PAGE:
"You there! Watch what you're doing!" he ordered sharply.

The workman turned and glared at him. "Who you think you bossing what to do?" he cried in heavily accented anger.

"Oh, God!" groaned Quinn, recognizing nemesis in brown coveralls.

"Yah! You should call on God to forgive you!" agreed the workman.

"Listen, you dumb hunky! Watch what you're doing!" cried the suddenly enraged Quinn.

"You call me hunky! You dare, you-you thieving fattyú!"

Sam Jordan was startled by the usually urbane Riley Quinn's loss of composure. This supposedly lofty academic had spoken like a common guttersnipe. But the situation was too perilous to worry about minor cracks in the deputy chairman's façade.

"What the hell's going on!" he yelled at the workman. "Will you watch what you're doing?"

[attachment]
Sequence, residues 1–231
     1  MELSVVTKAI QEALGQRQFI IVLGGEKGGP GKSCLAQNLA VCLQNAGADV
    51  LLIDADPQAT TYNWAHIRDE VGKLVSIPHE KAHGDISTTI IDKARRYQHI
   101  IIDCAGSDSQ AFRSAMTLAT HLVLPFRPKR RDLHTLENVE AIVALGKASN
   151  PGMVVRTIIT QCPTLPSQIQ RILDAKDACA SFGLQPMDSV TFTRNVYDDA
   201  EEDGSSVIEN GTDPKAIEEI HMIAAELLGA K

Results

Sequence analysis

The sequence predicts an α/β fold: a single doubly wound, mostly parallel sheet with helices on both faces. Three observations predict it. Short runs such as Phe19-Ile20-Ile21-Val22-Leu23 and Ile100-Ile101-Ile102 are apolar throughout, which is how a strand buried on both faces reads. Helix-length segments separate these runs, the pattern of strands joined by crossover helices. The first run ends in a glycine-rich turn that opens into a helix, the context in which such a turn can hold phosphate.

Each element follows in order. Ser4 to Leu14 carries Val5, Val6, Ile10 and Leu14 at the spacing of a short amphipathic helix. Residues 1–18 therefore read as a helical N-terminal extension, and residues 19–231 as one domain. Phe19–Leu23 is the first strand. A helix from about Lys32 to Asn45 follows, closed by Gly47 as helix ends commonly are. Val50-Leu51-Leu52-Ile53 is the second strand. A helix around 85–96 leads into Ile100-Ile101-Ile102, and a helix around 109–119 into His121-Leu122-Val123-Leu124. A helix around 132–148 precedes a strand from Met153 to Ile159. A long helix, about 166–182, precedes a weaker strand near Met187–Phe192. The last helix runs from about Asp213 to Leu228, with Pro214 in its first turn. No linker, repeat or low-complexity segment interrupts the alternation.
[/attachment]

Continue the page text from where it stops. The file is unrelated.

He was too late.

The dot of the sculpture's lowercase i was a fifteen pound hollow metal ball that hung from the left cross-bar of the capital T by a slender three-foot chain. As the enraged workman shook his fist at Professor Quinn, the chain began to swing like a pendulum. The dot, now converted into a miniature wrecking ball, crashed through a third-floor window, putting a halt to Professor Lowenheim's remarks on unity and coherence.

"See what you make me do?" screamed the workman. "I kill you for this! I punch your nose in, you rohadt alak!"

A fellow worker from Buildings and Grounds blocked the workman's furious lunge toward Riley Quinn, and the red-haired girl rushed for the guy rope before the steel dot could do further damage.

"I'll have you fired!" Professor Quinn promised, almost purple now with answering rage. "I've endured all the threats and insults from you that I intend to take!"